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Anfield Redevelopment Closer

It's been the most troublous of journeys but the path to a redeveloped Anfield seems to be levelling off, as Liverpool council prepare to make a crucial decision about CPOs.

All change?
All change?
Clive Brunskill

I know what you're thinking, but save the eye-rolling and cynicism for the embarrassing media Hodge-fest, good readers, for there would seem to have been a definite stride forward in the seemingly interminable march towards the redevelopment of Liverpool's famous old stadium. Thus far, a combination of factors, not least amongst them the club's incompetence and arrogance, have led to the most demoralising of impasses. In recent times, since the stewardship of FSG, Liverpool Football Club has made far more deliberate efforts to connect with all the interested parties and diplomacy has been high on the agenda.

A stroll around the environs of the ground shows that work on the gentrification of the area has already begun and the plans for the new walkway through Stanley Park are ready to be implemented. The thorny issue is, and has always been, the houses on Lothair Road and Rockfield Road which need to be demolished if the planned extensions are to take place. However, a decision is set to be made by Liverpool council cabinet on Friday of next week to approve, in principle, the use of compulsory purchase orders for properties that have yet to be bought up by the club. The houses in question are still the subject of ongoing negotiations over sale-price and CPOs are seen as very much the final option. The certainty of their existence, however, will be a huge factor in finalising the process.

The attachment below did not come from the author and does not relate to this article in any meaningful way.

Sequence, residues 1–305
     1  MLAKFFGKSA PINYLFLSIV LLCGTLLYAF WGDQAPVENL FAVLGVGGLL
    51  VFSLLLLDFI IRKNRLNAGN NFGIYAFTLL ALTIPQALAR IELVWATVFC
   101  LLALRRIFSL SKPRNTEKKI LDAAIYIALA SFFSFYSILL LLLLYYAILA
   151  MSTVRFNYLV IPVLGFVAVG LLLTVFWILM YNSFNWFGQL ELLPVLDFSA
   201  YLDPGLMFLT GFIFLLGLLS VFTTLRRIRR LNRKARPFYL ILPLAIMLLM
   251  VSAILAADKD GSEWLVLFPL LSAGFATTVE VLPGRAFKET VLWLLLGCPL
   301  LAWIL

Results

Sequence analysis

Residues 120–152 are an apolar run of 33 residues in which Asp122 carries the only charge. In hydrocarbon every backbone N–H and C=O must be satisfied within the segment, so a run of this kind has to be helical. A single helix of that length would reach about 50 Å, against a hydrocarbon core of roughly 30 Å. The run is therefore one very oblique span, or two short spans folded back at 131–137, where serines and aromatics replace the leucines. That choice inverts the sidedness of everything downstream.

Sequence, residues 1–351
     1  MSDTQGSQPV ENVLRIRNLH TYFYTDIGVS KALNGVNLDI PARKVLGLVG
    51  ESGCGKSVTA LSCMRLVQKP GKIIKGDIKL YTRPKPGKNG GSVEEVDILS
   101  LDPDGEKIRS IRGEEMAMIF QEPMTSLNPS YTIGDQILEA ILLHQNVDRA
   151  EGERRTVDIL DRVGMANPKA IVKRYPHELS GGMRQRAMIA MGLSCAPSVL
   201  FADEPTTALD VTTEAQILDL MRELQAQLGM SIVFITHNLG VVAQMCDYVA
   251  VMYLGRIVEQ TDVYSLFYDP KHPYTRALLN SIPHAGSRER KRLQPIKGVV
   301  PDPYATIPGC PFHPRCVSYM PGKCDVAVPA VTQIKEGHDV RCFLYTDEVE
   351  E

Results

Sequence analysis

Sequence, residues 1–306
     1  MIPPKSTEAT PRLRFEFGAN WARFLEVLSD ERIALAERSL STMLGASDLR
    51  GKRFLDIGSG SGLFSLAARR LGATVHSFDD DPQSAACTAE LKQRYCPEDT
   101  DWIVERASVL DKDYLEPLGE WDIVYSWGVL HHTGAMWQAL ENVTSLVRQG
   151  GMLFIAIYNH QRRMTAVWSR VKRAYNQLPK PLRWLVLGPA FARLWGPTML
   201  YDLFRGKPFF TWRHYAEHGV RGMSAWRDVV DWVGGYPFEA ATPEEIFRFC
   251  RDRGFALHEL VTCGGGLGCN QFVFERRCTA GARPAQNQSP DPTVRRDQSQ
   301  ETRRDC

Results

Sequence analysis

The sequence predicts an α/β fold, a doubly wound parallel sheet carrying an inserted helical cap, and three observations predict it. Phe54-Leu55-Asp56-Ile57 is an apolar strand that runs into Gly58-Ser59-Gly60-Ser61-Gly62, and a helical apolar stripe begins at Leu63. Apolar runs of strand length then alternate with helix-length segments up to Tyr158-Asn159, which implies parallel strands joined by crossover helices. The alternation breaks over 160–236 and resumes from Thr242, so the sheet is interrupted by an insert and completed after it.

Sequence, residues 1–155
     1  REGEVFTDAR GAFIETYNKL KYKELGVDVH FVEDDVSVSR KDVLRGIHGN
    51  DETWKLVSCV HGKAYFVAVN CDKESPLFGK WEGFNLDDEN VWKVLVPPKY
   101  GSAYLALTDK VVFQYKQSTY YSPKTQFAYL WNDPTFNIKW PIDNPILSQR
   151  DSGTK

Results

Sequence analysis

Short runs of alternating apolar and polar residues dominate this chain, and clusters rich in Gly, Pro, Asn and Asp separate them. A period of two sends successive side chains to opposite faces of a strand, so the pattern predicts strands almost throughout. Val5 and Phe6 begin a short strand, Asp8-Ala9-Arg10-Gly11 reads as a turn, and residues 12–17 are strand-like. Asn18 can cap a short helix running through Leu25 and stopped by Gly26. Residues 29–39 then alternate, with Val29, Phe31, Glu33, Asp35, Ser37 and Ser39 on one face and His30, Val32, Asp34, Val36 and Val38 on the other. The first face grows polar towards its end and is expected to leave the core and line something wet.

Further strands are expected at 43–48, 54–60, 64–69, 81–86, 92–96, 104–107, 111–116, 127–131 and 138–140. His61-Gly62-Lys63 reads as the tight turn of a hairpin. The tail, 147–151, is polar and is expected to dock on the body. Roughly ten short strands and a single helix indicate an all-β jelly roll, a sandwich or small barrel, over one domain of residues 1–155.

According to Steve Graves' article in the Liverpool Echo, some 699 properties had originally been identified as being in "clearance zones." In the interim, 279 have been, or are currently being, demolished; 346 homes have been purchased or are sale-agreed, with other property owners still in talks with the council-led development consortium. According to the council the "worst case scenario" would involve CPOs for around thirty properties.

The dominant theme of late has been progress through consultation and cooperation and Mayor Joe Anderson was keen to stress the importance of the residents in the process.

"We have had overwhelming support from local residents and businesses for our plans and there is unarguable public interest in driving these proposals forward," he insisted. "The people of Anfield have been let down too often in the past. we will not let them down again. we remain confident that we will be able to acquire properties without having to resort to CPOs but want to get agreement for them should they be required. The legal justification for CPOs, should they be needed, is unequivocal."

Let us hope then, that the difficult compromise is reached to mutual satisfaction. To coldly remove the needs of the few from the equation for a moment, there is an overwhelming will and need for this redevelopment to proceed, sooner rather than later. From a purely self-interested footballing perspective, the increased revenue and attendant buying power cannot come soon enough. Brendan Rodgers and his charges are over-achieving on the pitch. Their sterling efforts need to be matched off the field too, if Liverpool Football Club is to regain its position at the very pinnacle of the game.

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